Bird Sightings and Finding Peace in Portsmouth’s Prescott Park

As I exited the car, I was met by the moist cool air that accompanied the rain on my way to the river. It was March 15th and the forecast had called for a thunderstorm that morning and before I left at 11 o’clock, I’d watched flashes and heard the rolling thunder drum along the icy surface of Northwood Lake outside the camp’s windows. The park had a few visitors. A large man with a leather jacket and a Patriot’s hat pulled snugly over his round head took wide steps in a deliberate path to one of the piers jutting out into the Piscataqua River. A squadron of young parents with their eager toddlers scooted swiftly through the parking lot afterwards and huddled together as they crossed the park. A lone student read a book on the bench nearby.

I checked my supplies. I was heavily layered despite the forecast predicting temperatures of 60 degrees that day. I’d been to the shore before without them and the wind always cuts into the skin and bone when you haven’t taken the time to protect it. Under my hat and gloves, my skin was grateful I wouldn’t have to face the stiff breeze outside and enjoy what birds I would see on the river.

How would you describe the color of this pigeon? Comment below to let me know.

I wasn’t disappointed. One of the first birds I spotted was a pigeon. That might seem unremarkable, but it was certainly striking. It looked like it had gotten into a fight with a house painter. White and grey feathers covered its body giving it a disheveled appearance, even though their calm behavior suggested otherwise.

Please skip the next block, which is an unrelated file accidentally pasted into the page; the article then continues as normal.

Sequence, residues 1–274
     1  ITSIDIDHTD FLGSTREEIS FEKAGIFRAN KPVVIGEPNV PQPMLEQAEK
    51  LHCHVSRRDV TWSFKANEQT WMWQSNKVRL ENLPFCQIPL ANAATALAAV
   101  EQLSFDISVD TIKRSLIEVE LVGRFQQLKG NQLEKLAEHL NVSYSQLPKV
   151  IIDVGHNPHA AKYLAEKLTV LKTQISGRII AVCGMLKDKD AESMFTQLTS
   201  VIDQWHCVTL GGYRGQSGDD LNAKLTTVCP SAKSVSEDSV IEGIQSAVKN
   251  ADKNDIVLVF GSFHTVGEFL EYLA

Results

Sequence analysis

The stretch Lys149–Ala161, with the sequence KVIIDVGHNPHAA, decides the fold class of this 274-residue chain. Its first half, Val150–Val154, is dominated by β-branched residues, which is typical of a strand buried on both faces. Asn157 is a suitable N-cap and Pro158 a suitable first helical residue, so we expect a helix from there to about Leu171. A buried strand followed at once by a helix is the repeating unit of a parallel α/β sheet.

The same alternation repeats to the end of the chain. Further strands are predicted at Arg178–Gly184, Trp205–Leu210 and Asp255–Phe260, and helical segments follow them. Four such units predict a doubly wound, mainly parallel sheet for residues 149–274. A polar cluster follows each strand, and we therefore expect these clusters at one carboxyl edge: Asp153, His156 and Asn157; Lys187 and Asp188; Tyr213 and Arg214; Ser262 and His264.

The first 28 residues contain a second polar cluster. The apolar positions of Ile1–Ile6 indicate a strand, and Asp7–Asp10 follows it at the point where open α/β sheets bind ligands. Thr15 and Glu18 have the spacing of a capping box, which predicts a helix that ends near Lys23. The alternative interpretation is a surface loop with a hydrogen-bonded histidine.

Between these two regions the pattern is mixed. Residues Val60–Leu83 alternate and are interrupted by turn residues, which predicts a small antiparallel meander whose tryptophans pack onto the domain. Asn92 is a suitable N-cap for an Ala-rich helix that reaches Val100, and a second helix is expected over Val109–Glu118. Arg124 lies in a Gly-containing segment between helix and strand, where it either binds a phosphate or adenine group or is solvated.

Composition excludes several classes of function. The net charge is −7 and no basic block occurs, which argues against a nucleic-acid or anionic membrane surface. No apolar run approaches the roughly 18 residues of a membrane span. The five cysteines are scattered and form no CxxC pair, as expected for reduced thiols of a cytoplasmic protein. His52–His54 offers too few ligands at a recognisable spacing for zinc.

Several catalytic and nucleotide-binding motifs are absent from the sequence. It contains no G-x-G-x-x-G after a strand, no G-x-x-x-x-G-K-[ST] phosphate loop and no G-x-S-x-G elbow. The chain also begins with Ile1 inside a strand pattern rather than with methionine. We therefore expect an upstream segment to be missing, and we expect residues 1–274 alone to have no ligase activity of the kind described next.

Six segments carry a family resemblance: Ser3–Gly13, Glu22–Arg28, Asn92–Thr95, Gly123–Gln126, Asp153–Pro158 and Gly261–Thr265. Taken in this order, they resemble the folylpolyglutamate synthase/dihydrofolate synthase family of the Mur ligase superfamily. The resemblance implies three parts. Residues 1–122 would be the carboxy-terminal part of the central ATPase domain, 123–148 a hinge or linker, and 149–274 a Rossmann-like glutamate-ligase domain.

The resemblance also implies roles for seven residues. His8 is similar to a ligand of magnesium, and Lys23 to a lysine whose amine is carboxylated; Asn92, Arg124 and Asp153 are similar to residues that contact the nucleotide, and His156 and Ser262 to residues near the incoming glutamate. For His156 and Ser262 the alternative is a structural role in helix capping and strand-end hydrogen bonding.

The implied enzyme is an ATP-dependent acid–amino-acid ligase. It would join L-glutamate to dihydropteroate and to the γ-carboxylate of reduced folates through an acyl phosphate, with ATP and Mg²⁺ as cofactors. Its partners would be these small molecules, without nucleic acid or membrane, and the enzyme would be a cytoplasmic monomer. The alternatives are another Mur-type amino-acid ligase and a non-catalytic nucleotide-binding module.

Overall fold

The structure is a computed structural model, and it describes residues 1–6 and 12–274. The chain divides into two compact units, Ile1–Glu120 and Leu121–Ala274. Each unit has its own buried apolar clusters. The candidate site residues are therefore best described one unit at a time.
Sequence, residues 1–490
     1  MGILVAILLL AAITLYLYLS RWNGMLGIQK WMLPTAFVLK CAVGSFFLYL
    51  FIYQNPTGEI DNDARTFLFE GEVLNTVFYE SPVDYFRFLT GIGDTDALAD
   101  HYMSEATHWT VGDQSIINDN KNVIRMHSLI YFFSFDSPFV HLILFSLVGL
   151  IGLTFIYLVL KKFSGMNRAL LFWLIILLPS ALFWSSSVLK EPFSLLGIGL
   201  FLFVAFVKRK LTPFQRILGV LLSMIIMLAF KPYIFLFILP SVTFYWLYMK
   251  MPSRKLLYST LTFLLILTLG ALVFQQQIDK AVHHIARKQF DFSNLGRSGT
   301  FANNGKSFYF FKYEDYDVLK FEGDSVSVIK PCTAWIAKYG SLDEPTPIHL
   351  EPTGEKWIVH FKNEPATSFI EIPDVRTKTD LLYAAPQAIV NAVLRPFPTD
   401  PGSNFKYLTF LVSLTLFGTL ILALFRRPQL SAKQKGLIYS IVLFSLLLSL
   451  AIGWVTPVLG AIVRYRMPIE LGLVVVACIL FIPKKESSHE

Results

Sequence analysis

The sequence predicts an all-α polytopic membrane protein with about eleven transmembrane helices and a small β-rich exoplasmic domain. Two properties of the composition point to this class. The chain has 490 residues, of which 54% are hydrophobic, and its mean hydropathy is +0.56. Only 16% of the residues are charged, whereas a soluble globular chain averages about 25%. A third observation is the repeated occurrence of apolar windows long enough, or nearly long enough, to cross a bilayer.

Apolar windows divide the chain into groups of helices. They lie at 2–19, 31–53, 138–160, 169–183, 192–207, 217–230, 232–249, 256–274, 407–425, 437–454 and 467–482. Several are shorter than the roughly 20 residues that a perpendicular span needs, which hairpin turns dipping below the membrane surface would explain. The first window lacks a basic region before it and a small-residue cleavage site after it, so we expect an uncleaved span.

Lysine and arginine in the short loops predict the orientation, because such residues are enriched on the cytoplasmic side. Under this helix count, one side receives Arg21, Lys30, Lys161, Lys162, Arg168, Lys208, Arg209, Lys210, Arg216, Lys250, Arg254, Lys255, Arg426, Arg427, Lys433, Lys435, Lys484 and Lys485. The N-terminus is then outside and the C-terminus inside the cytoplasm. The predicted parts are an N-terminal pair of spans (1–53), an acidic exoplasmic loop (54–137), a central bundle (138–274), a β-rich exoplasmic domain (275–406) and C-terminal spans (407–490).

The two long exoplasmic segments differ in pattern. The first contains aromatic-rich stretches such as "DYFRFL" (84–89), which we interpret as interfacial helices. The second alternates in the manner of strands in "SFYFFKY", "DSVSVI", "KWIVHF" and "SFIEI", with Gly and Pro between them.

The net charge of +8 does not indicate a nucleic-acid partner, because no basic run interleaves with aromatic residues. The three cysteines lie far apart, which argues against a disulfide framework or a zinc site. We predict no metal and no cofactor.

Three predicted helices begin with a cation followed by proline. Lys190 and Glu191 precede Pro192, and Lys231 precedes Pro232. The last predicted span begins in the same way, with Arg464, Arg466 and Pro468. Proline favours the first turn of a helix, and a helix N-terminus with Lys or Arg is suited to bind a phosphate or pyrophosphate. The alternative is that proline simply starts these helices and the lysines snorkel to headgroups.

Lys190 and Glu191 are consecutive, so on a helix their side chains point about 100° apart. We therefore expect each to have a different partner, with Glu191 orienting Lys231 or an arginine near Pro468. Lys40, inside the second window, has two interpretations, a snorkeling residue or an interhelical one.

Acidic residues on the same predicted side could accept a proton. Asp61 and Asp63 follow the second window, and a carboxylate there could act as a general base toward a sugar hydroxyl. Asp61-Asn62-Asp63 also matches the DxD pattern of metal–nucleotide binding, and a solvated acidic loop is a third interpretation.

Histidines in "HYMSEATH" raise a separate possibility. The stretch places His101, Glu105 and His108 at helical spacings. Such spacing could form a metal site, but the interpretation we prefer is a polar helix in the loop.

Feral pigeons (Columba livia) are common throughout towns and cities of the world and were first brought to the United States by the Dutch for food and for their precious droppings that were so valued as fertilizer that some lords in the old country posted armed guards outside their quarters to prevent thieves from stealing the guano. They are the ancestors of the wild rock pigeon (or rock dove as some older field guides might call it) and have crossbred with different breeds to create the mutts we see today. It’s no wonder that Charles Darwin based part of his theory of evolution on research he conducted as a pigeon fancier.